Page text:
Worth watching just to be absorbed into this foggily mysterious ambiance of poetic confusion (see what it made us write?), ‘The Woman In The Fifth’ is the story of writer Tom Ricks (Ethan Hawke) whose mission to Paris to visit estranged daughter Chloé leads him on a mysterious journey…
Personal tragedy has kept writer/director Pawel Pawlikowski from our screens for too long. But now he returns and, if his award-winning features ‘Last Resort’ and ‘My Summer Of Love’ are anything to go by, we should expect to be absorbed into a quiet, lyrical tale.
Once in Paris, a poor run of luck sees Tom living in a dank, dingy boarding house. He isn’t giving up though and tries to rebuild his life. Although his decision to do so by taking a dodgy security guard job from his landlord Sezer (Samir Guesmi) might not be the best one.
In between the drudgery/mystery (yes it has both) of his job, Tom makes a spontaneous trip to a literary gathering where he meets Margit (Kristin Scott Thomas).
She seems like just the kind of confident, charming woman he needs in his life. But as with everything Tom encounters, everything is not quite what it seems…
Slow, strange and soporific, Pawlikowski’s return is a mesmerizing exercise in mood cinema that makes good use of a surprisingly malleable Ethan Hawke in creating a world that is constantly intriguing without ever really making much sense.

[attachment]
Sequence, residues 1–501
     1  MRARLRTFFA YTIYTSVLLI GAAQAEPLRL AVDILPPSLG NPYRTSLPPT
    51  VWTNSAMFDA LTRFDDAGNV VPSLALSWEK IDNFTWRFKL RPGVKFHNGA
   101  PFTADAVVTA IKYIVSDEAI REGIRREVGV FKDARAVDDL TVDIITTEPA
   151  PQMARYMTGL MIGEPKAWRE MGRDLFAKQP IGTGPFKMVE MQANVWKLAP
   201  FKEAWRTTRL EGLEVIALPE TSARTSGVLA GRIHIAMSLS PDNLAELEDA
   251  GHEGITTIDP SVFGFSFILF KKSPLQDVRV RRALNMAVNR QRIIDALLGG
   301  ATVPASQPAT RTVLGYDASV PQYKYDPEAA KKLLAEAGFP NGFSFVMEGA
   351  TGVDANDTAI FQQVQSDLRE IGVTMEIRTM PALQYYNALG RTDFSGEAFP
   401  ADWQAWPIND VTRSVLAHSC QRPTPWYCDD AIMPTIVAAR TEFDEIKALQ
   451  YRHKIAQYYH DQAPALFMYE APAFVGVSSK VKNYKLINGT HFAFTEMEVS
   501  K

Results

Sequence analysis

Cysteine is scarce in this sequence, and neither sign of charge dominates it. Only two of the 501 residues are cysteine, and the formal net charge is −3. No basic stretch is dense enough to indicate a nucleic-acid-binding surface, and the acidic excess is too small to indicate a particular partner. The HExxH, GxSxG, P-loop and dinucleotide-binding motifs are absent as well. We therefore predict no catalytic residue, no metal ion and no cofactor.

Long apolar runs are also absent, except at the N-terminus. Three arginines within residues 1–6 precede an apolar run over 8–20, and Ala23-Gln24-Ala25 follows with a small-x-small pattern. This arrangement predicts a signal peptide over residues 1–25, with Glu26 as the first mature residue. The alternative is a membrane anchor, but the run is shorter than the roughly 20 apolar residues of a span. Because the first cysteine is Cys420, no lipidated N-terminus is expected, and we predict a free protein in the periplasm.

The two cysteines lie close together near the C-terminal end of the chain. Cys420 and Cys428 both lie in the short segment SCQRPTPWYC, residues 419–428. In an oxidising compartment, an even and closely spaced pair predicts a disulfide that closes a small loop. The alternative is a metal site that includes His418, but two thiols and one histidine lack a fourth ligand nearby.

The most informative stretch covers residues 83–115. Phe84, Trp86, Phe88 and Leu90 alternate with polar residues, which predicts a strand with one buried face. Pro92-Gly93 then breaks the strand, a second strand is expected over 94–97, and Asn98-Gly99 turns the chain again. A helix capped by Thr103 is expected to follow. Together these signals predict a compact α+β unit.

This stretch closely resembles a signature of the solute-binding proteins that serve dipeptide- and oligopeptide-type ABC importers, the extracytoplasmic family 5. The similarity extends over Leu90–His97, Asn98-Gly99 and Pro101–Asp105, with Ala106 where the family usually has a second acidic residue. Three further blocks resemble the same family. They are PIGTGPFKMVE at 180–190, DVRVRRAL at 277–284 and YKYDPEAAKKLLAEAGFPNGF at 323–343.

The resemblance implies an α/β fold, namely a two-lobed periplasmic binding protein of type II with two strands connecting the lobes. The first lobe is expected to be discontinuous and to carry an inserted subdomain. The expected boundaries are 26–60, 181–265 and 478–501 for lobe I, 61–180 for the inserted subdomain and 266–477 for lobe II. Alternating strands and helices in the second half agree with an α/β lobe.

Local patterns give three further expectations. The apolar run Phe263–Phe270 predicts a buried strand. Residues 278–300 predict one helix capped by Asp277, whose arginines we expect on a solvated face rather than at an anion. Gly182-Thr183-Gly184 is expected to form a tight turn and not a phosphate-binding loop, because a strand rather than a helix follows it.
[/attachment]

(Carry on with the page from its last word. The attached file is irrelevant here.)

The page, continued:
Hawke’s permanently-addled writer is a dreamer par excellence, a man so thoroughly immersed in a mystery that you find yourself tugging idly at the odd threads of story that pass by without ever really expecting much of them.
That Pawlikowski and Hawke can make something so amorphous so absorbing is a credit to both of them. And they are ably assisted in their task by some superb supporting women.
Kristin Scott Thomas emits an aura of intellect and control that make her character appear as a rock of stability, a semblance of normality that hides undercurrents of darker intent.
At the other end of the romantic spectrum, Tom encounters a young Polish waitress who earthy charm, captured marvelously by Joanna Kulig, that speaks of something outside of Tom’s personal experience, but somehow key in understanding it.
As we try to work out their significance, he merely exists with them. Drawn to them, and somehow alive with them.
Elsewhere, everything else is confusing, a turbulent challenge to him. His guard job, with the curious and somewhat frightening clientele who appear in his dank dungeon, his child who he can never truly get close to, even his aggressive neighbor in the boarding house. They form an impenetrable mesh around his fragile world.
The problems come when they are all linked together in a conclusion that does little justice to Ricks’ strange world. The conclusion is a little too neat, with rough edges that seem more arbitrary than artful.
The thoughtfulness that went into some of the strands of this mystery are overshadowed by a headline ‘answer’ that fails to offer a satisfying resolution. Still, this is a film that should fuel plenty of post-viewing coffeehouse chatter.
As a piece of poetic mood cinema, Pawlikowski’s return is more than satisfying. It’s just a shame that the conclusions don’t do justice to the mesmerizing journey of Ethan Hawke’s troubled author.